The Promise of F# Language Type Providers

In most software domains you can safely stick with one or two languages and, because the tools you are using are fairly easy to replicate, you’ll find almost anything you might need to finish your project. This isn’t true in data science and data engineering however. Whether it be some hyper-optimized data structure or a cutting edge machine learning technique often you only have a single language or platform choice.

Even worse, when you want to build a system that uses one or more platform specific components, things can become quite an engineering mess. No matter what you do you can’t avoid the high cost of serialization and marshaling. This makes some combinations of tools non-options for some problems. You often make trade-offs that you shouldn’t need to make, for example using a worse algorithm just because the better option hasn’t been written for your platform.

In .NET this is a particularly bad problem. There are quite a few dedicated people working on open source libraries, but they are tiny in number compared to the Matlab, Python, R or Java communities. Meanwhile, Microsoft research has several fantastic libraries with overly restrictive licenses that make them impossible to use commercially. These libraries drive away academic competition, but at the same time can’t be used outside of academia. It’s a horrible situation.

Thankfully, there is a silver lining in this dark cloud. With the release of F# 3.0 in VS 2012 we were given a new language feature called Type Providers. Type Providers are compiler plugins that generate types at compile time and can run arbitrary code to do it. Initially, these were designed for access databases and getting types from the schema for free, but when Howard Mansell released the R Language Type Provider everything changed. We now realized that we had a way to build slick typed APIs on top of almost any other language.

This means that now it doesn’t matter if someone has written the algorithm or data structure for our platform as long as there’s a Type Provider for a platform where it has been done. The tedious work of building lots of little wrapped sub-programs is completely gone. It shouldn’t even matter if the kind of calculation you’d like to do is fast on your native platform, as you can just transparently push it to another. Of course, we still must pay the price of marshaling, but we can do it in a controlled way by dealing in handles to the other platform’s variables.

The language Type Providers themselves are a bit immature for the moment but the idea is sound and the list is growing. There is now the beginnings of an IKVM Type Provider (for Java) and I’m working on a Matlab Type Provider. The Matlab Provider doesn’t yet have all of the functionality I am aiming for, but I’ve been working on it for several months and it’s quite usable now. All that’s left is for someone to start in on a Python type provider and we’ll practically have all of the data science bases covered.

It’s an exciting time to be an F#’er.

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  1. Nice article, looking forward to more on applications/limitations of type providers.

    Possible typo:

    “Of course, we still must pay the price of marshaling, but we can do it in a controlled way by dealing in handles the other platform’s variables.”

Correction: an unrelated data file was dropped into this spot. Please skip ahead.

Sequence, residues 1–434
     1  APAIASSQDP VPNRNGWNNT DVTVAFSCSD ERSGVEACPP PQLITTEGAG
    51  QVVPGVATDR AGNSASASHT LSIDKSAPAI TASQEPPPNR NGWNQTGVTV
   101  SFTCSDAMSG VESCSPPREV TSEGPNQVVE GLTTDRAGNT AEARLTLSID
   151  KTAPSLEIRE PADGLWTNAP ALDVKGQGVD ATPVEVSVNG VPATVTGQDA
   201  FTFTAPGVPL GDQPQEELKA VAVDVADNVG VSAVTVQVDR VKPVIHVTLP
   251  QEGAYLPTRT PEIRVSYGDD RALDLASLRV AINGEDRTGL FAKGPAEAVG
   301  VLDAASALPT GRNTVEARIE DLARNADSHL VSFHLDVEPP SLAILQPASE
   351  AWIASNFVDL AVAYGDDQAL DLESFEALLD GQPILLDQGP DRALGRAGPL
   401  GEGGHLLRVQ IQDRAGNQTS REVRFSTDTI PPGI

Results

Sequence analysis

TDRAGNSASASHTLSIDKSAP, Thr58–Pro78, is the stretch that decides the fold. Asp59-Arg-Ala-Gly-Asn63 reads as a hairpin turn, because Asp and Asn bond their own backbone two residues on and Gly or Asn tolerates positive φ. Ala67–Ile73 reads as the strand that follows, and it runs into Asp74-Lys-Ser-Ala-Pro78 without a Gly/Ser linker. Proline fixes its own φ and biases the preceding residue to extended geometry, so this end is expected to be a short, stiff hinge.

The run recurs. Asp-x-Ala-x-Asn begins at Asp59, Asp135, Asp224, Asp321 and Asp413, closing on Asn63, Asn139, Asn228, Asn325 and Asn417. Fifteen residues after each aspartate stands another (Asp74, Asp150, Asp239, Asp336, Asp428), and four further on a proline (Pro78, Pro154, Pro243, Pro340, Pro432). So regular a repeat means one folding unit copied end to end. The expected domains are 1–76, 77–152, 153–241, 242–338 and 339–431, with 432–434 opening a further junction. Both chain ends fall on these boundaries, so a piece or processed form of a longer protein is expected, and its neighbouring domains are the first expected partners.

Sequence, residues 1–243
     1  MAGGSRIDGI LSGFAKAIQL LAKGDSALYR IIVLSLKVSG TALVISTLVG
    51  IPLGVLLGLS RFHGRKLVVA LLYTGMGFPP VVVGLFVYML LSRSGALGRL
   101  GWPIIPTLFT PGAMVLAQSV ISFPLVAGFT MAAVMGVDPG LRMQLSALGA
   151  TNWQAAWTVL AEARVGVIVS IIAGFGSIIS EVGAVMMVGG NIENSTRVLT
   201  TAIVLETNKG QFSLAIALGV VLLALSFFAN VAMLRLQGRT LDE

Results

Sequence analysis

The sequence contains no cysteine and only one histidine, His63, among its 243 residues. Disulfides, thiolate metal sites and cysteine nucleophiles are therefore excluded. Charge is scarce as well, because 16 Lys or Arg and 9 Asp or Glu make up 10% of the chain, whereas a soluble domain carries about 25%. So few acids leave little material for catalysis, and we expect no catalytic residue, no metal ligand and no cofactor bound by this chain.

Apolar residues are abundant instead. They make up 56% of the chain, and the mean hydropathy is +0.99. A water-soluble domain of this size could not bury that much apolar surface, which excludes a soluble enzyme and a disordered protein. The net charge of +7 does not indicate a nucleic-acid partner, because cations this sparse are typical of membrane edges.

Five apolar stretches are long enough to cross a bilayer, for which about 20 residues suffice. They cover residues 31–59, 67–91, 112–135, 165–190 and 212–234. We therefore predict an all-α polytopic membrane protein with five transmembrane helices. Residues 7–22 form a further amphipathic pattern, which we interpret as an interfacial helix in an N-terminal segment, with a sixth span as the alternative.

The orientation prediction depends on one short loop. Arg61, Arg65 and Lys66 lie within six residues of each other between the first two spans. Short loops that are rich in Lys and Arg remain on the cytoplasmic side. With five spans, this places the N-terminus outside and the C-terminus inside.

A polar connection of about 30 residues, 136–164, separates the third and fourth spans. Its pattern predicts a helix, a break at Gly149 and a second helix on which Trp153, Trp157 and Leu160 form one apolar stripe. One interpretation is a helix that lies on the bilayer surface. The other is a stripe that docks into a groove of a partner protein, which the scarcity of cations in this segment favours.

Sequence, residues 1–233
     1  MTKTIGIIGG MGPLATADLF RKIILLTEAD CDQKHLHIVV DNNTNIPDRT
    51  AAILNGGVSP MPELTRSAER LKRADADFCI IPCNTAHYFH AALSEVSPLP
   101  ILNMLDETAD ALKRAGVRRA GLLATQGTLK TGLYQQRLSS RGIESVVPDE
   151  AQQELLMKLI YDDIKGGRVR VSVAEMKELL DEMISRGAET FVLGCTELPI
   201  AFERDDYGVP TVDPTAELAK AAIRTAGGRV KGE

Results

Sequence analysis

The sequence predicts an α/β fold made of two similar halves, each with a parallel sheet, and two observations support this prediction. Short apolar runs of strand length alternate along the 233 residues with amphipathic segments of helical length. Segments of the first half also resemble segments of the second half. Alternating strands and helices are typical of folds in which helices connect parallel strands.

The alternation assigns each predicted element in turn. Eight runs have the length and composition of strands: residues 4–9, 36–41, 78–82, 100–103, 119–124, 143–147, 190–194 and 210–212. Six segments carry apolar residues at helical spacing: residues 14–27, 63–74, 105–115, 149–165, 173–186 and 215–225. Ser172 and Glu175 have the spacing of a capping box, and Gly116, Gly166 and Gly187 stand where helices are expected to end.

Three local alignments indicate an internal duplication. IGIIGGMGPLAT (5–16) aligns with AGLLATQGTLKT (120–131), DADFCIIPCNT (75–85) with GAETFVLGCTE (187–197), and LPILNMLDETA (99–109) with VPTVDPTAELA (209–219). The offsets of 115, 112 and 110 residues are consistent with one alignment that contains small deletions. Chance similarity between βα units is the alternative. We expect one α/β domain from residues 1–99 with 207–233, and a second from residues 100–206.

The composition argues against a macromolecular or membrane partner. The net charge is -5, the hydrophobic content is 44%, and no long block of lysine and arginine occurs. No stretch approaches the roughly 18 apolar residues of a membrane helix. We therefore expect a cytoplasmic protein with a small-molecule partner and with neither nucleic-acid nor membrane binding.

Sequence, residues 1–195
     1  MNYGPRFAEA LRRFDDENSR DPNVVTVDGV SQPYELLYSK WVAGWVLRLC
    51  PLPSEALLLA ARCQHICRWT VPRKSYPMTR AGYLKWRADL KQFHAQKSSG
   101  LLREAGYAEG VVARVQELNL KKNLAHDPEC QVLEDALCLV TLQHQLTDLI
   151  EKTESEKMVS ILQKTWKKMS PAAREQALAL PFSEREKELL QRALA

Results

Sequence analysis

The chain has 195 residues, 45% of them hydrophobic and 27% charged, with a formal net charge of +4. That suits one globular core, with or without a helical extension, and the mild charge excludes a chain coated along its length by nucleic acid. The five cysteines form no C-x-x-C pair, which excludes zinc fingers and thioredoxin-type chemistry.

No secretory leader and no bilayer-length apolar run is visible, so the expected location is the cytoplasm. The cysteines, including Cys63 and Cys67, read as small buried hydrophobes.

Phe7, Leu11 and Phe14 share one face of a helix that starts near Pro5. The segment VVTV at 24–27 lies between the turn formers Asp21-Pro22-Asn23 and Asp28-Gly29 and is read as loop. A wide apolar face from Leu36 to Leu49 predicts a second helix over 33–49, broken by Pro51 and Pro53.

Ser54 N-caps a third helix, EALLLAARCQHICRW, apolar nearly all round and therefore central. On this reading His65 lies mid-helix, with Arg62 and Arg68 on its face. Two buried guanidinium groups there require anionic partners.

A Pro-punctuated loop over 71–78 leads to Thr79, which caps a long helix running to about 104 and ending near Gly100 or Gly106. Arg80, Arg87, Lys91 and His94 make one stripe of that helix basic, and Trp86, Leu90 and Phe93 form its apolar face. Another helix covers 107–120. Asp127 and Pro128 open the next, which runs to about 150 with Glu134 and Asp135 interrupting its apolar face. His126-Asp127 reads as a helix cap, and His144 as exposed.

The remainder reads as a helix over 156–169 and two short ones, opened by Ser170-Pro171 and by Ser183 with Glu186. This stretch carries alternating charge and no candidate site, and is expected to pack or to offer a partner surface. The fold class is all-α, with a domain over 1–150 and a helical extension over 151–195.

2. Rachel Reese and I were chatting about Type Providers at CodeStock. I want one that takes advantage of conventions in my database. Every table in my schema has a “base class” if you will that contains an Active bit. Some tables also have an EffectiveDate and a TerminationDate to indicate that rows are in effect at the time of the query. I envision a type provider that knows how to use these bits of data to refine the generated queries. In your experience, how hard would it be for me to mod the SQL type provider? I’d like to be able to add computation expressions to the provider to make the rule set generic.

    • This sounds interesting, and totally possible, but modifying the SQL provider isn’t going to be easy. The one downside to Type Providers in general is that they’re not extensible. Also, the SQL providers are particularly complex because they implement enhanced computation expressions to facilitate the linq syntax. If you feel like poking around, the source is on the F# github repo:

      • Thanks, I’ll add that to the list of things I’d love to work on. The idea is simple but powerful: write an expression that handles active record strategy for your data source, add it to the standard provider and go. My clients use a multi-stage data retention policy that typically involves keeping some data in the warehouse for a while after it has expired. Being able to filter out these inactive records automatically with a rule would be quite helpful.

  3. Hi,

    Great to see the enthusiasm behind the article. I like your broad brush analysis of the horror we face too often.


    I also liked your mention of Infer.NET. I was working on some closely related systems a couple of decades ago. Very powerful, especially when you look beyond probability distributions and look at more powerful representations of the computation! You’re right it has enormous potential in F#. For my money I can envisage something that’s “within” F# in a deeper way. Thanks again.

    Maybe another typo, was “Initially, these were designed for accessing databases” intended?

  4. Very cool indeed. I saw your talk at qcon and I can see how leveraging all these different platforms would make life better. Do you know of any good resources for learning how to create type providers?

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